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Market Segmentation

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Market Segmentation This document prepared and presented by

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Market Segmentation

The purpose for segmenting a market is to allow your marketing/sales

program to focus on the subset of prospects that are "most likely" to

purchase your offering. If done properly this will help to insure the

highest return for your marketing/sales expenditures. Depending on whether

you are selling your offering to individual consumers or a business, there

are definite differences in what you will consider when defining market


Category of Need

The first thing you can establish is a category of need that your offering

satisfies. The following classifications may help.

For businesses:

Strategic - your offering is in some way important to the enterprise

mission, objectives and operational oversight. For example, a service

that helped evaluate capital investment opportunities would fall into

this domain of influence. The purchase decision for this category of

offering will be made by the prospect's top level executive management.

Operations - your offering affects the general operating policies and

procedures. Examples might be, an employee insurance plan or a corporate

wide communications system. This purchase decision will be made by the

prospect's top level operations management.

Functional - your offering deals with a specific function within the

enterprise such as data processing, accounting, human resources, plant

maintenance, engineering design, manufacturing, inventory control, etc.

This is the most likely domain for a product or service, but you must

recognize that the other domains may also get involved if the purchase

of the product or service becomes a high profile decision. This purchase

decision will be made by the prospect's functional management.

For the individual consumer:

Social Esteem or Pleasure - your offering satisfies a purely emotional

need in the consumer. Examples are a mink coat or a diamond ring. There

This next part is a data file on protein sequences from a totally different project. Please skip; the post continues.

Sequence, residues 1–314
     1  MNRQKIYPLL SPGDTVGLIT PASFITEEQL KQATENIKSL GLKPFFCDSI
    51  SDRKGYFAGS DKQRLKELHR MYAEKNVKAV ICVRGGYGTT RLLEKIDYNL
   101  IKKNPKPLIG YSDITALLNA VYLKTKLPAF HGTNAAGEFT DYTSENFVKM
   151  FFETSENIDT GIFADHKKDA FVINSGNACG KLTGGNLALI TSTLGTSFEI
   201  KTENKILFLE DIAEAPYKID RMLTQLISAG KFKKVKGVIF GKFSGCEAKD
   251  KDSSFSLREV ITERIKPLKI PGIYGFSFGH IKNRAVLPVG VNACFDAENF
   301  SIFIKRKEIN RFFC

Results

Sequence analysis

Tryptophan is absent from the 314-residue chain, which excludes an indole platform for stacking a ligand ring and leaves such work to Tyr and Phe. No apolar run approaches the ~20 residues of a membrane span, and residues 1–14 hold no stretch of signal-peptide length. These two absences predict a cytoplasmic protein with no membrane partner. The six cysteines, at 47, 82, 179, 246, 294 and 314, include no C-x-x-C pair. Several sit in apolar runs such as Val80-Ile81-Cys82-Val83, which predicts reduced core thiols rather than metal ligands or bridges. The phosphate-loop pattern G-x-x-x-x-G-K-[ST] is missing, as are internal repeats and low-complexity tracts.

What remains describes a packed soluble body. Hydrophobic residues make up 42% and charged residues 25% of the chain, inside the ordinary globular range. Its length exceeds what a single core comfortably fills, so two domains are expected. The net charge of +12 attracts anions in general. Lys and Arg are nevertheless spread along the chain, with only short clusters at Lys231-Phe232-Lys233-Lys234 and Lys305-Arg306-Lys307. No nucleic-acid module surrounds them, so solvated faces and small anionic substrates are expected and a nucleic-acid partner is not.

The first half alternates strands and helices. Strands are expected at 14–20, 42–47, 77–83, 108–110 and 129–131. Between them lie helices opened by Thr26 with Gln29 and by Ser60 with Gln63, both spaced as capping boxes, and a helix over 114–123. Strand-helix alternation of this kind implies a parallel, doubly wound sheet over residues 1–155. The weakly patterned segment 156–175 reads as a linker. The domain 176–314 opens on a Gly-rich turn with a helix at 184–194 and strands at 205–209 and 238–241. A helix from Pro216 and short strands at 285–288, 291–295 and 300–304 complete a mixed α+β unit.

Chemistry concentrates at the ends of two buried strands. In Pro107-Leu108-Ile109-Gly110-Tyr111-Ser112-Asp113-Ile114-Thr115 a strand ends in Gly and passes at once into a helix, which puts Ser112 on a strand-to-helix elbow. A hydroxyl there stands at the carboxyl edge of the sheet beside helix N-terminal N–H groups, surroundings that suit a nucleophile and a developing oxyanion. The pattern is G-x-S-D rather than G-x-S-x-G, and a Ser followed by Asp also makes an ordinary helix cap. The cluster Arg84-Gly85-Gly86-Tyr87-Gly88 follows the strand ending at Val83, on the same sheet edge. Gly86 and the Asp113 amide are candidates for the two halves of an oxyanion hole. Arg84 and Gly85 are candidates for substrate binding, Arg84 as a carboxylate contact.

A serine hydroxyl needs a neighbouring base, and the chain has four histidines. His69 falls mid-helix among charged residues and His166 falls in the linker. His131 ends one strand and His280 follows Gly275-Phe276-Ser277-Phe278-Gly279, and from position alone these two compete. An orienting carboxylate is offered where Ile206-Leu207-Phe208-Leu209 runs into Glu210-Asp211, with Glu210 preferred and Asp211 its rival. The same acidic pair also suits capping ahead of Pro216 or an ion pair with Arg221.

are some products that are on the boundary between this category and the

Functional category such as a Rolex watch (a Timex would satisfy the

functional requirement and probably keep time just as well).

Functional - your offering meets a functional requirement of the

consumer such as a broom, breakfast cereal or lawnmower.

Segmentation of Needs

Then you should establish what the need is and who is most likely to

experience that need. Your segmentation will be determined by a match

between the benefits offered by your offering and the need of the

prospect. Some "need" categories for segmentation include:

Reduction in expenses

Prospects might be businesses that are downsizing (right sizing),

businesses that have products in the mature stage of their life cycle or

individuals with credit rating problems.

Improved cash flow

Prospects might be businesses that have traditionally low profit

margins, businesses that have traditionally high inventory costs or

individuals that live in expensive urban areas.

Improved productivity

Prospects might be businesses that have traditionally low profit

margins, businesses that have recently experienced depressed earnings or

individuals with large families.

Improved manufacturing quality

Prospects might be businesses with complex, multi-discipline

manufacturing processes.

Improved service delivery

Prospects might be service businesses in highly competitive markets,

product businesses requiring considerable post-sale support or

individuals in remote or rural areas.

Improved employee working conditions/benefits

Prospects might be businesses where potential employees are in short


Improvement in market share/competitive position

Prospects might be new entrants to a competitive market.

Need for education



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